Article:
Steph Lawrence gave her first dinner party when she was 12, serving 40 people. Aashi Vel grew up connecting to her culture through the scrumptious south and north indian food made by her mother in Madras, India.
At a consumption function in their first week at Haas they immediately bonded over common interests such as, well, food. What followed has been a whirlwind of activity aimed at launching The Traveling Spoon, an online service helping travelers explore culture through the local cuisine. The tagline: Travel off the Eaten Path.
Lawrence, long an avid food blogger and a cook going back to her Easy Bake Oven days, had been thinking for a while about a venture combining food and travel. While living and working in China in 2009, she made learning how to make dumplings from “a Chinese grandma” a priority. Checking this item off her bucket list made her want to share authentic local food experiences with shorter-term visitors to a region. That same year, she registered the Traveling Spoon URL, with the idea that in a few years she’d go to b-school and think about this some more.
Vel came to Haas with a finely honed palate and experience in industrial design for medical devices and consumer products. “I always want to be doing something creative,” she says of her move from design to cuisine. Prior to meeting Lawrence, she traveled in Tulum, Mexico where she too craved an authentic food experience. “On my way to restaurants, I’d smell the aromas coming from home kitchens and wish I were eating fresh tortillas made by a local Mexican woman instead,” says Vel.
“Meeting Aashi is what turned Traveling Spoon from something I auto-renewed on Go Daddy each year into something real,” says Lawrence. Last winter they offered a Traveling Spoon experience to fellow students on a winter break trek through Southeast Asia, bringing 8 classmates together for a home dinner in Cochin, India. “This was the highlight of our trip,” says Jane Wong, MBA 13, of the feast of homemade appams, syrian beef fry, and fish curry. “I would jump at the chance to do another.”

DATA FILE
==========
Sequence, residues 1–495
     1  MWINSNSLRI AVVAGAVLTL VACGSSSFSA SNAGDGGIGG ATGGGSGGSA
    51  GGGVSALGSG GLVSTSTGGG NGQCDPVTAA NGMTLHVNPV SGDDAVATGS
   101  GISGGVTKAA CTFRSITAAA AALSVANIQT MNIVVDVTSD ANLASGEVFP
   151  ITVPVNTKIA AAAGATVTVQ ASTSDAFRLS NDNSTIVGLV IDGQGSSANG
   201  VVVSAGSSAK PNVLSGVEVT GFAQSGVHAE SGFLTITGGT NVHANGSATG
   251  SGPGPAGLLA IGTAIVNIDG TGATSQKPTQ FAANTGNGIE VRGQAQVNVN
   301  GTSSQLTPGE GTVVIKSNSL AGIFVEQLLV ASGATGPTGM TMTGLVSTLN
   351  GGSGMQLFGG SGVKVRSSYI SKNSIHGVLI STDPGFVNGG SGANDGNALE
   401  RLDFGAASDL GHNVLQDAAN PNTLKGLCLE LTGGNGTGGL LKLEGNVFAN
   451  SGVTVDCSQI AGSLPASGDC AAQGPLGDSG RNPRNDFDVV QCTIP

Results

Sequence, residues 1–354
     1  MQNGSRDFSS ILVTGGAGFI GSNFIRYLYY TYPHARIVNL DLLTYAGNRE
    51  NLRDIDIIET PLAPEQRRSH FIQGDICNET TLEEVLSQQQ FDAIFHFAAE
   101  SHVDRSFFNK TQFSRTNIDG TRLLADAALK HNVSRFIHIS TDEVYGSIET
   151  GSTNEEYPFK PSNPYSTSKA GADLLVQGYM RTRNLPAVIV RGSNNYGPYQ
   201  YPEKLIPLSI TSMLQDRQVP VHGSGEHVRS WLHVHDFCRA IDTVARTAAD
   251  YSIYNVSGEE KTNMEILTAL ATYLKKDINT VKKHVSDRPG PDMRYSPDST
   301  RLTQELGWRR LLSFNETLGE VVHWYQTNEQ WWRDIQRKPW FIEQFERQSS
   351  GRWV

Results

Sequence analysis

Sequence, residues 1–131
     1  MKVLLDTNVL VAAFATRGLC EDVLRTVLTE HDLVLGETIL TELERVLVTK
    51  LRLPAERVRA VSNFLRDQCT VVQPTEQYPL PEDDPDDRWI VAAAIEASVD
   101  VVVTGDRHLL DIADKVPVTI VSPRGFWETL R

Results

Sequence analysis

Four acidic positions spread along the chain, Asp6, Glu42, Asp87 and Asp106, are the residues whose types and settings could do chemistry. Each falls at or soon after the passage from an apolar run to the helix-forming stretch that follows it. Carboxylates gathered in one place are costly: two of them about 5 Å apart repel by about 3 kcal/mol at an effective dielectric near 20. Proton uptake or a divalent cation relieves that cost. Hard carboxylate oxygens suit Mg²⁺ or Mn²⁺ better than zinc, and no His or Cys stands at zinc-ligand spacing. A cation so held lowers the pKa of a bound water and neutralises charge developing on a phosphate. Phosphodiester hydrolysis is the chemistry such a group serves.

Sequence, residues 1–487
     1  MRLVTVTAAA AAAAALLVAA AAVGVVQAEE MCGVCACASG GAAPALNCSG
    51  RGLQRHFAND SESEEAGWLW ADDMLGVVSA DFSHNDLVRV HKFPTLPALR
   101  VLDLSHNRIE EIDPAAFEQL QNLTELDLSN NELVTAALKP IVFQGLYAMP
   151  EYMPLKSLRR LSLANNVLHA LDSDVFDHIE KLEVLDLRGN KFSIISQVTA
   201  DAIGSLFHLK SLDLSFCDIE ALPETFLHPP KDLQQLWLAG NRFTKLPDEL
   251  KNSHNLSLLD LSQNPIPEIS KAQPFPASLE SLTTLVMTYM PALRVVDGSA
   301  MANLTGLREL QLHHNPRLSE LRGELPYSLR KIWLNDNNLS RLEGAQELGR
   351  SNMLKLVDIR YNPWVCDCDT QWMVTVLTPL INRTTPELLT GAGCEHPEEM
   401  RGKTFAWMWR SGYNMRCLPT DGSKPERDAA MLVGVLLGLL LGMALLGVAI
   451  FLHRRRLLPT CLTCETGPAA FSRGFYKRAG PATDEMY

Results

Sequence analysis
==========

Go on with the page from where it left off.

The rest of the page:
Berkeley-Haas coursework has followed the launch curve for Lawrence and Vel, who together took Entrepreneurship last spring to hone their business model. This year, they moved on to New Venture Finance to work on funding, Lean LaunchPad for deeper customer insights, and Women in Business to learn how to empower their partnering hosts (95% of whom are women).
While their aim is to be global, they are concentrating on Asia for now. Vel spent summer 2012 lining up hosts in India and the pair spent this past winter break in Thailand, Vietnam, and Bangladesh signing up additional hosts—a mix of established chefs and teachers along with home cooks. “An important goal for Traveling Spoon is empowering women in emerging markets,” says Vel.
Days that stretch to 3:00 a.m. are not unusual, but Vel says, “It never feels like work.” That’s due, in part, to the fact that Lawrence and Vel are now close friends as well as business partners. Both say meeting each other is the best thing that has happened to them at Haas, making it clear that, wherever they travel off the eaten path, it will be together.